packages containing sources

 Non-Commercial: free use and redistribution for non-commercial purposes
 Academic: free use and redistribution for academic/research purposes
 Non-Commercial-Academic: combination of previous types
 Source-Shareware: redistribution allowed, but payment for use expected
 Tidyware: free use, redistribution only in original form or if approved
          by author

 packages without sources
 Crippleware: crippled functionality, fully functional version must be
 Demoware: time-bombed fully functional program
 Shareware: redistribution allowed, payment for use expected
 Promotional: free use for only some people or for some time only, or due to
             blatantly promotional reasons (like MSIE) 
 Shyware: free use and redistribution of binaries, sources not available

 Every other package would get "License: non-free".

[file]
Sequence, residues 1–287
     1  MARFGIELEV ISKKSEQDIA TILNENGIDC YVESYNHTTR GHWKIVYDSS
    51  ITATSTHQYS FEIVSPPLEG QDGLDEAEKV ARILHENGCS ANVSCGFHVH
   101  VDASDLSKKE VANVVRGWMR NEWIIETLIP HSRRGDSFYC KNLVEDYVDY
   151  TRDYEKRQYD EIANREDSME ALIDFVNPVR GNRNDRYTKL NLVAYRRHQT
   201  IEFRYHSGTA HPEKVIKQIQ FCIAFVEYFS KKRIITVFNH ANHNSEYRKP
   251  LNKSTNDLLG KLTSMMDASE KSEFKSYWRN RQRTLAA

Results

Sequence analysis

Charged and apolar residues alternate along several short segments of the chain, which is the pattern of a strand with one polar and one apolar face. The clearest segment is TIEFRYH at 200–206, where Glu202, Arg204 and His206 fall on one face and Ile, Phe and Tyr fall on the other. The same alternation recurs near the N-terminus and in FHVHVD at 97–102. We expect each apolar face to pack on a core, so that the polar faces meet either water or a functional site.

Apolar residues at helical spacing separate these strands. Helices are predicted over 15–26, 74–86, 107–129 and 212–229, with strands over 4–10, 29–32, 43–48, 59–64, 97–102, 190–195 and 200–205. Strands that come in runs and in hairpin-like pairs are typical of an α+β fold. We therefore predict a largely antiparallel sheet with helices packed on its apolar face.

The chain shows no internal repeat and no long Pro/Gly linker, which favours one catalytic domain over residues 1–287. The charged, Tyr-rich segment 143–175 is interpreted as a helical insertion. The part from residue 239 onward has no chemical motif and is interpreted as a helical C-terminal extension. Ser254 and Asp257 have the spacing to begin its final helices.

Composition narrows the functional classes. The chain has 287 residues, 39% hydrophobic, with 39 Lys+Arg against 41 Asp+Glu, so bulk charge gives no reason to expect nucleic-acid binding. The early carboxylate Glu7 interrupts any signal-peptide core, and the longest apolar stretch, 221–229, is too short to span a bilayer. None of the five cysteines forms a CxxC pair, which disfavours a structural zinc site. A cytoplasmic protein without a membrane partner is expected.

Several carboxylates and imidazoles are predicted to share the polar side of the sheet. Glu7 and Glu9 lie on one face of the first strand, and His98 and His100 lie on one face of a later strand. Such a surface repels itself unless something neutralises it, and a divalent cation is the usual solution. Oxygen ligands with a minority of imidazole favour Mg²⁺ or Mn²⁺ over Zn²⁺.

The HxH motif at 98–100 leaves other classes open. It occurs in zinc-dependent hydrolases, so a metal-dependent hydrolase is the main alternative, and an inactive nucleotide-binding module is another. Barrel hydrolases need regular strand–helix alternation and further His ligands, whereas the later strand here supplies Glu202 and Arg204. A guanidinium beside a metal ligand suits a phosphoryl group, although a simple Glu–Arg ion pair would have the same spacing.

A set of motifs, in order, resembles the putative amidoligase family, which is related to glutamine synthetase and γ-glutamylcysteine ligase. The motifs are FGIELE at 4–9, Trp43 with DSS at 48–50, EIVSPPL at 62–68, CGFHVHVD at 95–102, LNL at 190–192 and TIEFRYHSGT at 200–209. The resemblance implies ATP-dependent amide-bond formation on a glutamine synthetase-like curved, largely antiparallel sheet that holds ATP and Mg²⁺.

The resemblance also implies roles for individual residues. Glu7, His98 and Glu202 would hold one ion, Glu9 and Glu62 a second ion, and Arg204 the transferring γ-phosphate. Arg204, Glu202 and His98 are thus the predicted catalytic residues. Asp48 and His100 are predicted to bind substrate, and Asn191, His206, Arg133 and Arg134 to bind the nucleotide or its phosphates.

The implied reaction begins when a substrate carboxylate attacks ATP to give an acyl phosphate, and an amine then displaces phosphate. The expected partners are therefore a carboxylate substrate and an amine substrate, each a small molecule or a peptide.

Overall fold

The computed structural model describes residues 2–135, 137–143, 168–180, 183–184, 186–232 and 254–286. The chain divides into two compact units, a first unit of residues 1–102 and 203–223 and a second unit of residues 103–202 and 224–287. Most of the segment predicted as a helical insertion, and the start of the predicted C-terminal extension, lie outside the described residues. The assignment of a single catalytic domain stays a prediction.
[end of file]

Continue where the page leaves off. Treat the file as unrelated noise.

The "Original-Site" field contains the "primary URL" where you can get
 the upstream sources. If there are more than one site, the others
 should be listed in "Alternate-site-1", "Alternate-site-2", etc.

 Note, that these three additional fields _have_ to be used (if this
 becomes policy). 

TOPIC 10: perl module policy

We need to document the current "implicit" naming conventions for
Perl modules. Currently, packages containing the Perl module "foo"
are called


In addition, if a package is large (say > 200k) and contains
architecture dependent code (Perl "XS" files) the package should be
split into two:

	libfoo-perl         for arch indep stuff
	libfoo-perl-xs      for arch dep stuff

Note, that Brian S. Julin is currently working on a "debmake for
Perl modules" which simplifies the creation of Debian packages
containg Perl modules. With this, we can easily package up the
whole CPAN archive for Debian!

--                  Christian Schwarz
                     schwarz@monet.m.isar.de, schwarz@schwarz-online.com,
Debian is looking     schwarz@debian.org, schwarz@mathematik.tu-muenchen.de
for a logo! Have a
look at our drafts     PGP-fp: 8F 61 EB 6D CF 23 CA D7  34 05 14 5C C8 DC 22 BA
at    http://fatman.mathematik.tu-muenchen.de/~schwarz/debian-logo/

TO UNSUBSCRIBE FROM THIS MAILING LIST: e-mail the word "unsubscribe" to
debian-devel-request@lists.debian.org . 
Trouble?  e-mail to templin@bucknell.edu .

Reply to: